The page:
How to Get Rust Stains Out of Clothes: Best Ways

Dealing with rust stains in your laundry can be unexpectedly challenging. The usual methods for removing stains might not work on rust, leading to frustration when your typical tricks fall short.

You don’t always have to resort to commercial rust removers for stubborn stains. Many times, a few simple do-it-yourself ingredients and a smart approach can do the trick. The most straightforward solutions often turn out to be the most effective. If unsightly brown and orange marks are ruining your clothes and causing you distress, here’s everything you need to know about removing rust stains.

Have you noticed an unusual stain on your clothes that looks like rust?

Rust stains are not common, and they don’t always appear like typical stains. Spills like grass on jeans, blood on shoes, or spaghetti sauce on carpets are accidents we might expect, but rust can randomly transfer onto clothing when we come into contact with a corroded surface. Ironically, rust stains can also occur while we’re in the process of cleaning our clothes.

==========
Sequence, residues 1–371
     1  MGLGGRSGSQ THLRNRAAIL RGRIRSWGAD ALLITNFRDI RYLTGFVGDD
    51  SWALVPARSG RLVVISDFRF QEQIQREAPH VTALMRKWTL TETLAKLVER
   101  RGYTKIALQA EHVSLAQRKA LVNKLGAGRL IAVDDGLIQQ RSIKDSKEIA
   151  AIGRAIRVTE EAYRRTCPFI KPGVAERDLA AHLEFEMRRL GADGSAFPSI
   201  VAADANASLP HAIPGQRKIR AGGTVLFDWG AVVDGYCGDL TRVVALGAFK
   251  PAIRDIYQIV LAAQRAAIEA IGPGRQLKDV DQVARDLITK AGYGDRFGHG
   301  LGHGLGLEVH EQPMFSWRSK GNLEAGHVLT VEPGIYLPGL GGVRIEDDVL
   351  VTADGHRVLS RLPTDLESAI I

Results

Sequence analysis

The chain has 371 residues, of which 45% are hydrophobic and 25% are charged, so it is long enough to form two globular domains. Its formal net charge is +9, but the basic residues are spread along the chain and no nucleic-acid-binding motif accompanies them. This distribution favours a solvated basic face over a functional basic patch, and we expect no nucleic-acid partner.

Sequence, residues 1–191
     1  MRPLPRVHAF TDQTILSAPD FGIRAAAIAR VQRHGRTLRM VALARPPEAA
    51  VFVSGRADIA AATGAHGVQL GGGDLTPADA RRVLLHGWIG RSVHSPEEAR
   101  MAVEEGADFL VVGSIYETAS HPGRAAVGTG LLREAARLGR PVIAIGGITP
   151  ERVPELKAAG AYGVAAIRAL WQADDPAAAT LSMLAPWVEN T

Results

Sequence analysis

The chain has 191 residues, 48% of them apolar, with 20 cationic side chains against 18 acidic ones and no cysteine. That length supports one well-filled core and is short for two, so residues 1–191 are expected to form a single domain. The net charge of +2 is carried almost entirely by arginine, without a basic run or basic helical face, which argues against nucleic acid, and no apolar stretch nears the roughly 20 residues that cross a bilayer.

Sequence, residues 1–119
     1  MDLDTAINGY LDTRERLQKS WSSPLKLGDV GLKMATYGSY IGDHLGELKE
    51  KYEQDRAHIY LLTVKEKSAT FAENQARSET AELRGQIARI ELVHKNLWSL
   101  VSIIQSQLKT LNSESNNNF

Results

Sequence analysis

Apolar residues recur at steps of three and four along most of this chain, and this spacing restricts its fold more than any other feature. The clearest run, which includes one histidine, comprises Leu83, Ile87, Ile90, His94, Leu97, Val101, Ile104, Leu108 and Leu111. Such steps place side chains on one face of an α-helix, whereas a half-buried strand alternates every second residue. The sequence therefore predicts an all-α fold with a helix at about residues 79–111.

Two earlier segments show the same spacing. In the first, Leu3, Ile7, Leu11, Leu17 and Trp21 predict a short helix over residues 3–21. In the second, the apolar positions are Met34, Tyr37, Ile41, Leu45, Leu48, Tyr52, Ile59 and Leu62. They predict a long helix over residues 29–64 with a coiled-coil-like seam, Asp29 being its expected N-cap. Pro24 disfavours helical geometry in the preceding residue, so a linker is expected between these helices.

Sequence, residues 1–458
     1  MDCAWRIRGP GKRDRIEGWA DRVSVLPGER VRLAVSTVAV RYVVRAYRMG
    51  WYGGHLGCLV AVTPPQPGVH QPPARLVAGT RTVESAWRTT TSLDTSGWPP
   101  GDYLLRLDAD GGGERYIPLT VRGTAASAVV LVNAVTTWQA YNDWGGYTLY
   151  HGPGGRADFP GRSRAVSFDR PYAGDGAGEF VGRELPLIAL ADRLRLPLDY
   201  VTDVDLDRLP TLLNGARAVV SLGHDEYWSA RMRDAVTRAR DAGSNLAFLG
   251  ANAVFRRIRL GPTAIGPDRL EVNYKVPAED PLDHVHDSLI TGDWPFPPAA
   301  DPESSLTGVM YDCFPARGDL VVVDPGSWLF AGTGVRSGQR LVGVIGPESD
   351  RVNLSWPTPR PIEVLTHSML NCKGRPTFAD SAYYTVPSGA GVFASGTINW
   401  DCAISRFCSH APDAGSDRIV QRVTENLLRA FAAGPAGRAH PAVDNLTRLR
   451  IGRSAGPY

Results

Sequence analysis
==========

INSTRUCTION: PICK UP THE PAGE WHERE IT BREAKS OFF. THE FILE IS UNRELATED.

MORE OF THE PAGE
Rust can originate from various sources in the water supply or washing machine, impacting your laundry in different ways. Sediment may accumulate in plumbing, or the washer could deteriorate and develop rust. If you use well water, high iron levels beyond the EPA’s National Secondary Drinking Water Regulations may expose your washable fabrics to frequent rust stains.

Regardless of the cause, finding an orange-brown mark on your clothes after washing suggests a potential underlying issue that requires attention. It also means you should be cautious about how you go about cleaning the stains.

How to Avoid Making Rust Stains Worse

If you discover rust stains on your clothes after washing, resist the urge to toss them in the dryer right away. Just like with most stains, subjecting rust to dry heat in the dryer can set it permanently, making the situation worse.

Equally important is steering clear of chlorine bleach. Experience has shown that bleach is not the most effective or safest solution for handling most stains. Many people have found that using bleach actually sets rust stains, so it’s best to avoid it altogether.

Two Effective Techniques for Removing Stubborn Rust Stains

When it comes to tackling rust stains, acids are generally the go-to solution. Luckily, you can find many acidic substances in everyday household items. People have successfully removed rust stains from clothes using a mixture of cream of tartar and baking soda in water. Even potatoes, with their high oxalic acid content, can serve as an effective rust cleaner for various materials.